Thursday

21st Nov 2019

Investigation

Experts question EU decision to sit on emissions test results

  • A testing laboratory at the Joint Research Centre's site in Italy (Photo: Peter Teffer)

Experts on car emissions testing cannot understand why the European Commission has not shared controversial test results on Audi and Citroen cars, with relevant national authorities, after four months.

The commission said the results, dated for August, are not yet "solid enough" and that it needs time to validate the "preliminary results."

Read and decide

Join EUobserver today

Support quality EU news

Get instant access to all articles — and 20 year's of archives. 30-day free trial.

... or join as a group

“What is there to validate? If it's tested, it's tested,” one source with expert knowledge of emissions testing, who could not be named, told EUobserver.

The contact said that the EU's in-house science body, Joint Research Centre (JRC), which carried out the measurements, knows its own testing technology well and that therefore the commission's stance was “odd”.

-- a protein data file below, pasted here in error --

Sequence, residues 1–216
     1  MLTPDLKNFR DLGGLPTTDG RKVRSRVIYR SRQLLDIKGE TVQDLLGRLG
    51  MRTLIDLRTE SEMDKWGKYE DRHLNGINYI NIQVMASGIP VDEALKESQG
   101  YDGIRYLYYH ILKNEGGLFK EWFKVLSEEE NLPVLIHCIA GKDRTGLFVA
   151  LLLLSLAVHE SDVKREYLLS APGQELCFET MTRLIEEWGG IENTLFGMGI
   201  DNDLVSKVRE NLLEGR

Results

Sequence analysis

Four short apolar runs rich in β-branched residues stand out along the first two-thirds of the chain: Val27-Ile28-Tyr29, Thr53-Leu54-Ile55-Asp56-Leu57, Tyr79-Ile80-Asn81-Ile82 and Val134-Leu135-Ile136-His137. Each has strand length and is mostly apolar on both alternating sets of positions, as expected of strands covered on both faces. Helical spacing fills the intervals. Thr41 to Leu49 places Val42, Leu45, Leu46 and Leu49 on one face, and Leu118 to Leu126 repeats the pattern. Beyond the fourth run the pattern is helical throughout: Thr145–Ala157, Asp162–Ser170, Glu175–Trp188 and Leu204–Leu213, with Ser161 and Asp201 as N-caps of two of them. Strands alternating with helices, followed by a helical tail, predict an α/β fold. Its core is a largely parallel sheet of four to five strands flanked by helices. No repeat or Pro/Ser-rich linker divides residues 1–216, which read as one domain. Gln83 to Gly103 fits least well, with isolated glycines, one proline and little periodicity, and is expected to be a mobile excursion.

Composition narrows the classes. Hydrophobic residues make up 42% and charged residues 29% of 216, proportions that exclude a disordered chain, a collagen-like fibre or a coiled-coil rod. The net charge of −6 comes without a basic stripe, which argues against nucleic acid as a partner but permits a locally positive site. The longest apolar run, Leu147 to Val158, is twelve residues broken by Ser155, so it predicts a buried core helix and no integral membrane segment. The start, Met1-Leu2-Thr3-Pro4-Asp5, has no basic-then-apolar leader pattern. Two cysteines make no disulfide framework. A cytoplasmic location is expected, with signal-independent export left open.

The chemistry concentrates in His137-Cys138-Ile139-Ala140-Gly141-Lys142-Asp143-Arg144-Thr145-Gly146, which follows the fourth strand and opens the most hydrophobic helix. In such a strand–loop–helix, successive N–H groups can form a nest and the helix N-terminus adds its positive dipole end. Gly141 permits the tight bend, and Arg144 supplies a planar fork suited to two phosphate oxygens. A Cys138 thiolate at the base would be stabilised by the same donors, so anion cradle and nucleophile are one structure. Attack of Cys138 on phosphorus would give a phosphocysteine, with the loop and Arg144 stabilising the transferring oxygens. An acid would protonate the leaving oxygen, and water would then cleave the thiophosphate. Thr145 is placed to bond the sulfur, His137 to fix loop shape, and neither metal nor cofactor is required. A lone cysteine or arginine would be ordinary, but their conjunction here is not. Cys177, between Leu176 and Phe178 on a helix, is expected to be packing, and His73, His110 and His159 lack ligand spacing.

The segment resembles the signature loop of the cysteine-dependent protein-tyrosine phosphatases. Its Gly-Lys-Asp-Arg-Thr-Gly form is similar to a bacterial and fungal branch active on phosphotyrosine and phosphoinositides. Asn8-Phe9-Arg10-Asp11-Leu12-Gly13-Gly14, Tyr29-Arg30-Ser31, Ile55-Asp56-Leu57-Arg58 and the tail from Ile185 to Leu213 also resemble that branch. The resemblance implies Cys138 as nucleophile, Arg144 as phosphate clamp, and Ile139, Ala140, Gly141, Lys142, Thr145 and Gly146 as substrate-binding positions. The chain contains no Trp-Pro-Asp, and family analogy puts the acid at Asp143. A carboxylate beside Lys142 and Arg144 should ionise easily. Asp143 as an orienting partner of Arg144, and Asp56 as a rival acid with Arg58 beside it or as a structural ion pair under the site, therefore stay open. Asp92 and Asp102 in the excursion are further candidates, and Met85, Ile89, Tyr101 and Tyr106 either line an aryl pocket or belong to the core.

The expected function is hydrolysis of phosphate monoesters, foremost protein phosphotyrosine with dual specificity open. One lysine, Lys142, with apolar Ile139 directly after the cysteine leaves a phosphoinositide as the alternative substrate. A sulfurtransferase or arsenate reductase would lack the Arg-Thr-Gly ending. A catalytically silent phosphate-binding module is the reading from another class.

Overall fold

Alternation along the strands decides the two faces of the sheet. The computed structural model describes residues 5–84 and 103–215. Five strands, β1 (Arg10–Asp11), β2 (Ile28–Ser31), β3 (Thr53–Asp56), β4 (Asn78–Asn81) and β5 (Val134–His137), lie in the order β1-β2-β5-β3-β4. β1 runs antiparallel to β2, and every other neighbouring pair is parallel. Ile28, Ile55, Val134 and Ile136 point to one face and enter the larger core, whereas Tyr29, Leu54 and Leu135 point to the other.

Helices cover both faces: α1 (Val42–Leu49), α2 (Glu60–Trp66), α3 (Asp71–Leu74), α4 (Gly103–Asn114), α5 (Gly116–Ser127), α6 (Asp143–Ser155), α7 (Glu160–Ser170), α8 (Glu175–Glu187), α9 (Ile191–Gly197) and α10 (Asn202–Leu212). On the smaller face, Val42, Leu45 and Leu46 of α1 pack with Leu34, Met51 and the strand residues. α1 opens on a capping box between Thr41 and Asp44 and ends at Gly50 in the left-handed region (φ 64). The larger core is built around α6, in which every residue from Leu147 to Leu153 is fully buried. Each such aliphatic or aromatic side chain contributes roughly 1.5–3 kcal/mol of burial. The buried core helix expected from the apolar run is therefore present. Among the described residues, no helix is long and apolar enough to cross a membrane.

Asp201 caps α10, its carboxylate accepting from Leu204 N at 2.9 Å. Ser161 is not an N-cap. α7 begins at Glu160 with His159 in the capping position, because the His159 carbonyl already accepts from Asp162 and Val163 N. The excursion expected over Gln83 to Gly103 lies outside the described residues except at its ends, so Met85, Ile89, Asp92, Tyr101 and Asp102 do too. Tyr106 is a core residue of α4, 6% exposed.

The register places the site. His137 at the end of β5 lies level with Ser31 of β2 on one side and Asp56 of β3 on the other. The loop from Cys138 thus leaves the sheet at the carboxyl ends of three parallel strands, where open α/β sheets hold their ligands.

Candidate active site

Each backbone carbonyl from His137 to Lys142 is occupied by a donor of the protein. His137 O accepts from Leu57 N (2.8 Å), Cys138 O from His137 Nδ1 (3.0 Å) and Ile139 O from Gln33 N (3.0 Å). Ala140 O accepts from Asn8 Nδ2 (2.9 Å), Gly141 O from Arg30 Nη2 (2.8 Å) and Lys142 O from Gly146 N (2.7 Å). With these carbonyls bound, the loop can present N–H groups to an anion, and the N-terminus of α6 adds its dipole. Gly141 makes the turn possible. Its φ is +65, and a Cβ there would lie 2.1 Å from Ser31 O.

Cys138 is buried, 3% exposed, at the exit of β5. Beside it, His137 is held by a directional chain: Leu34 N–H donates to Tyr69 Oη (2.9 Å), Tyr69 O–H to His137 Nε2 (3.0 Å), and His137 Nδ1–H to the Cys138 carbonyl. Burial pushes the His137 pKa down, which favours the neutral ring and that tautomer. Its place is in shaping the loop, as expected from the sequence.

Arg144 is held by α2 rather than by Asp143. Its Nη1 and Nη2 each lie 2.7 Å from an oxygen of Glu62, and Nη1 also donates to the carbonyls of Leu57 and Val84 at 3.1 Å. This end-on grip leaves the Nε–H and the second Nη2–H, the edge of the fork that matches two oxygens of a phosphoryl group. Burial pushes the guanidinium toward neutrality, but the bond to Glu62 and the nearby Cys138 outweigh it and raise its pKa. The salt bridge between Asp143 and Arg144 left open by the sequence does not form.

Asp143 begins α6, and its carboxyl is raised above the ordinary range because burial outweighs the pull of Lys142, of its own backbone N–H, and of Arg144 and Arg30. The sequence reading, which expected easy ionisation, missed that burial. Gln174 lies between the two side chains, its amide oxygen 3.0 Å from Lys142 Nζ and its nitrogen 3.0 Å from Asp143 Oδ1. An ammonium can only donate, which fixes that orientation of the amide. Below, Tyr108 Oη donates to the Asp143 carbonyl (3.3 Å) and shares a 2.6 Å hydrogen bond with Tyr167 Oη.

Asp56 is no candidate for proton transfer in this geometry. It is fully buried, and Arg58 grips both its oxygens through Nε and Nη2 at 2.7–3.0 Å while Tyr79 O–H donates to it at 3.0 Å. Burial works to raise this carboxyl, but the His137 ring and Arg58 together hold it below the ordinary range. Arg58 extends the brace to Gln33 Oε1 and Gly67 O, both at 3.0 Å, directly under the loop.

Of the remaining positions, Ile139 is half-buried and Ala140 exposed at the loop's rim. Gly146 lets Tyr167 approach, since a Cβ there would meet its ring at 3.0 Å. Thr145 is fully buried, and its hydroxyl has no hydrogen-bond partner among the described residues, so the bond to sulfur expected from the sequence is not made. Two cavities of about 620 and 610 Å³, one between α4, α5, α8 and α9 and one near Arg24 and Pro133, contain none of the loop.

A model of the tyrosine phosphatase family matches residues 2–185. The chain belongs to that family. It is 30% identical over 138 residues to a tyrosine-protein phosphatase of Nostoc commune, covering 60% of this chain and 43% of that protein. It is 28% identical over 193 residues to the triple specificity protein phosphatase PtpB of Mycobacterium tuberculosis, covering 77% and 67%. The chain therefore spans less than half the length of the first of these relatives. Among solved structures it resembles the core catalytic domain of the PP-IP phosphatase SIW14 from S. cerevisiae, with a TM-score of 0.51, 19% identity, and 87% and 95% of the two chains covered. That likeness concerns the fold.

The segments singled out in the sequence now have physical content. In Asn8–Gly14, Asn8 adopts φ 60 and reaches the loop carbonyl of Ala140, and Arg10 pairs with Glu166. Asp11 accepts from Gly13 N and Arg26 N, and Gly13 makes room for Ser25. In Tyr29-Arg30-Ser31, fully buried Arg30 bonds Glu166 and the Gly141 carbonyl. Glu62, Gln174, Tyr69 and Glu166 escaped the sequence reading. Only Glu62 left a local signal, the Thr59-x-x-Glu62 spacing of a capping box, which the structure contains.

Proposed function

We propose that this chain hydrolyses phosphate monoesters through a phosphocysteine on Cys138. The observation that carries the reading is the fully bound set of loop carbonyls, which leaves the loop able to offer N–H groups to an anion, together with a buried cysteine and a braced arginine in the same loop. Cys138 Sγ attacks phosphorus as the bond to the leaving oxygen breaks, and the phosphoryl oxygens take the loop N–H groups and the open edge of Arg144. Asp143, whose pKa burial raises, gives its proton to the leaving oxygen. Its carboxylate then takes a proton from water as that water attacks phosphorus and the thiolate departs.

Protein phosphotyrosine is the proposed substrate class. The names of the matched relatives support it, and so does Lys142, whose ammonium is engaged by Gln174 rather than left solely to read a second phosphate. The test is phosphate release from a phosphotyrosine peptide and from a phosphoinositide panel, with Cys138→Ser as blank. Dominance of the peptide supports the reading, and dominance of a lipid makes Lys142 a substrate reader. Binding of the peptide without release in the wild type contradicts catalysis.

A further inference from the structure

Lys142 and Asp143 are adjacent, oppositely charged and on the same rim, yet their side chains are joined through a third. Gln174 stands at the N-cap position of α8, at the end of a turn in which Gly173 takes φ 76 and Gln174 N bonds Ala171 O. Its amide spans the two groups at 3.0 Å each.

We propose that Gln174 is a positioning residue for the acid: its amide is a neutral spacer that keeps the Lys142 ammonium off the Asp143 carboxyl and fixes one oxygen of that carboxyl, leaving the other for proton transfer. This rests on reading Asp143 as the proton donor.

The JRC has a good reputation in the scientific community and has years of experience with emissions testing, both in laboratories as well as on road.

In August, the JRC found high emissions in Citroen and Audi diesel vehicles after slightly changing the parameters of the official approval test.

“I cannot assess what they are still waiting for,” said Dirk Bosteels, an emissions expert who testified before the European Parliament's inquiry committee into the Dieselgate scandal earlier this year.

“But four months between measurements and finalising the report seems a bit long to me,” Bosteels told EUobserver.

The JRC's results, seen by EUobserver, did not prove emissions cheating, but the results suggested that the cars were designed only to pass the test, instead of fulfilling EU emissions criteria during normal driving behaviour.

Yet, four months later the commission has not yet shared them with relevant approval authorities in charge of enforcing and investigating the rules on emissions.

“It is up to us to judge when the results are sufficiently solid and technically verified to be shared,” said commission spokeswoman Lucia Caudet.

“We believe that it is best to share these results with the national authorities when they are completely technically validated. That's a process that is currently ongoing,” said spokeswoman Caudet.